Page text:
DARPA Will Test Flight Suits for Military Readiness

DARPA will test jet packs and jet suit technology and see if they are military use case ready. The gear must fly a single operator at least 3.1 miles at low-to-medium altitudes. The setup should take no more than 10 minutes, with only minimal tools.

UK based, Gravity Industries, will try to compete in the competition.

The gear can use emerging electric propulsion technologies, hydrogen fuel cells or conventional heavy fuel propulsion systems. They need to take off from anywhere without the help of wind or elevation.

The window for proposals closes April 20. Any winner will be paid $225,000 for the six-month trial, which could be extended to a second phase that pays $1.5 million.

The DARPA contest seems to be a bakeoff to see if any other competitor can match Gravity Industries jet suit.

The Gravity Industry flying suits can reach speeds of 80 mph. The suit has a power of 1050 bhp and is technically capable of reaching 12,000 ft altitudes, although it’s normally flown much lower for safety purposes. In order to keep the technology safe, Gravity also limits the majority of flying to over grass or water. They have a range of 6-13 miles.

With two micro jet engines on each arm and one on the back, their construction is not dissimilar to those found on aircraft. The triangle created by the position of the engines allows for movement to be easily controlled. It relies on a pilot’s ability to balance and requires some practice to get familiarized.

The MK 2 suit uses fuel (Jet A1 or Diesel, both non-volatile and far less dangerous than gasoline) and has a dry weight of 60 pounds. The flight time is currently 5 to 10 minutes. They are actively working on improving this number and delivering a quieter, cheaper electric version.

Adam Savage also made 3D-printed Titanium armor that is bulletproof and bombproof. The Titanium Armor is compatible with Gravity Industries suit. The Titanium armor costs about $350,000 and the flight suit costs $450,000.

This is potentially way more useful than the army exoskeletons that have been tested for the past decade. Army exoskeletons might make it easier for soldiers to carry 100 to 200 pounds. They are loud and cumbersome. Carrying a bit more weight is not as game-changing as enabling a new form of mountain assault or attacking boats or other unusual raids. The jet suits could give paratroopers unique capabilities.

There are some competing flight systems.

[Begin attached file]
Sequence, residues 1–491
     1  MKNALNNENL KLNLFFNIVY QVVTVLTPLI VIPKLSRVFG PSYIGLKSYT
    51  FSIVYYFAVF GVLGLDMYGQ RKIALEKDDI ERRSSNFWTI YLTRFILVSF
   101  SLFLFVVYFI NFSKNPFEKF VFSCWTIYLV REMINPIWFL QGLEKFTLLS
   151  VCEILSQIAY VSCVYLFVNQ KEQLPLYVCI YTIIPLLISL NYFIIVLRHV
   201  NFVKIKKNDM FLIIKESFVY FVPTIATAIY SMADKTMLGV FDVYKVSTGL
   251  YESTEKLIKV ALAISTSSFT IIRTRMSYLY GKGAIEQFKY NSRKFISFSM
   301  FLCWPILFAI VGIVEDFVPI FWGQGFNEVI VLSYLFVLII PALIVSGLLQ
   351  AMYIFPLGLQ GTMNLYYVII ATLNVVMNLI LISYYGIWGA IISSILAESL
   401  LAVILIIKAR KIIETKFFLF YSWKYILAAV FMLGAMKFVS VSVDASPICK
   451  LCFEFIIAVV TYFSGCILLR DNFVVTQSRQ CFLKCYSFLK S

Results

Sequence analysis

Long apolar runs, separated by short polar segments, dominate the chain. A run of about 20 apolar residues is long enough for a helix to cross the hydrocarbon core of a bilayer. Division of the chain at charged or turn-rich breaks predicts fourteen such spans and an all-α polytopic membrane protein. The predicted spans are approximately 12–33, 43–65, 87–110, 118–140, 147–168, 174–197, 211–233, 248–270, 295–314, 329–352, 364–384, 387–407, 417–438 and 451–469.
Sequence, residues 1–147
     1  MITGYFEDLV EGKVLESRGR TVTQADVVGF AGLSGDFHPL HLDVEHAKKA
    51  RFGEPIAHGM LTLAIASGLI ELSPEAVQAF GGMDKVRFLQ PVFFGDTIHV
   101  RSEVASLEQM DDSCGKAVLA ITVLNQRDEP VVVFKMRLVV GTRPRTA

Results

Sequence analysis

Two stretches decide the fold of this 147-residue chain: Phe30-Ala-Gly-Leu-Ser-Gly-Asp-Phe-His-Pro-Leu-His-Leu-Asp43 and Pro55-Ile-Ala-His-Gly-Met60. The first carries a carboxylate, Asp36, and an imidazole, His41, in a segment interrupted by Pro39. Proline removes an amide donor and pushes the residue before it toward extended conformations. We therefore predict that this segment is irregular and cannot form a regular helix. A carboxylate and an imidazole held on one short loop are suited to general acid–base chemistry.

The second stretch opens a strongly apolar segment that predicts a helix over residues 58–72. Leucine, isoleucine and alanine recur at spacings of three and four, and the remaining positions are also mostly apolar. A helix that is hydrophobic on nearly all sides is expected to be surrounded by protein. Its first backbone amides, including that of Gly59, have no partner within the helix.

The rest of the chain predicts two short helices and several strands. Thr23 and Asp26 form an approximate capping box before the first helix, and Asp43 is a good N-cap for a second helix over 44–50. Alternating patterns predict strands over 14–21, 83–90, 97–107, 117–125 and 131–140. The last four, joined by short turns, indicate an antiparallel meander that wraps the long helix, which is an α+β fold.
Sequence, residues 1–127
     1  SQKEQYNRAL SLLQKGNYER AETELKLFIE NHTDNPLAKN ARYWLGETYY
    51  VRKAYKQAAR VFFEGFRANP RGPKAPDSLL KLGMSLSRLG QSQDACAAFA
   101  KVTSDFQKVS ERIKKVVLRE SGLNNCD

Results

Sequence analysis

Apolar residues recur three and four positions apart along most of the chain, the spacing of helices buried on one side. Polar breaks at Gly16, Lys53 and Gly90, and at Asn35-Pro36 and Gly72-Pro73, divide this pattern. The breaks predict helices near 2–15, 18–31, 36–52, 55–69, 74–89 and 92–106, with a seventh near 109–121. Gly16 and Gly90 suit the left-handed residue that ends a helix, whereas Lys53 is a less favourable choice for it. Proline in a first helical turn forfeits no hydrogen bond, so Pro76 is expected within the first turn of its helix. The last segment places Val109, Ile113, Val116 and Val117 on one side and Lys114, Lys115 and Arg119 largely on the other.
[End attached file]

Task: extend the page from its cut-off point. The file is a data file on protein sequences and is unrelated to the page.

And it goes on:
On Friday, February 14th, 2020, Vince Reffet took off, headed south towards Jumeirah Beach Residence, building speed and height. In 8 seconds he had reached 100 meters height, in 12 seconds 200m, 19 seconds 500m, and reached 1000m in 30 seconds at an average speed of 130 knots. At the end of a 3-minute flight punctuated by a roll and a loop at 1800m altitude, Jetman Vince Reffet opened his parachute at 1500m before landing back at Skydive Dubai. the Jetman and Jetwing systems are described at this site.

Unfortunately, Vince Reffet died in November 2020 in a training accident.

SOURCES- Fortune, DARPA, Gravity Industries, Lockheed, Jetman, BMW
Written by Brian Wang, Nextbigfuture.com

8 thoughts on “DARPA Will Test Flight Suits for Military Readiness”

  1. The current configurations appear to be diverging from the Mandalorian layout. I envisage paks as being more for short hops and jumping off buildings to cover – seems benficial (except noise) in dense urban theatre – rather than as an armada of incoming gliding-squirrel-troops descenidng on a location. I presume drones would be vanguards and provide cover.

  2. Hello you Forget to mentionned Franky zapata who have already cross the Channel and made a démonstration during 14 juillet meeting un France

  3. I would think it possible to scale up drone tech to carry one person into a place difficult to get to otherwise. I would expect that to have lower fuel consumption than a jet pack & so have greater range. I don't know whether to consider this a small helicopter or a large drone.

  4. A drone cannot deliver urgent medical attention, or do cpr…and you wouldn't want it to.

  5. The entire concept of military jetpacks is dumb once you have drones.

    The point of drones is to take pilots further away from combat, not closer as this does.

    What can this do that a drone could not?

    By saving the volume of the pilot you can make a VTOL drone much more capable, and probably still very responsive at a reasonable distance.

  6. The jet pack looks really cool. The BMW suit looks like someone strapped a battery powered fan onto a flying squirrel.

  7. While mountains and buildings might make potential insertion targets for such systems, boats might not as the enemies have lots of opportunities to shoot at incoming airborne forces while the incoming soldiers have no opportunity to fire back since they are using their arms to steer—either directly by moving jets or lift surfaces or by working controls.

    Any target would need to be one where the insertion team can reach, take cover and ready their weapons. Unless the purpose of the mission is not actually combat.

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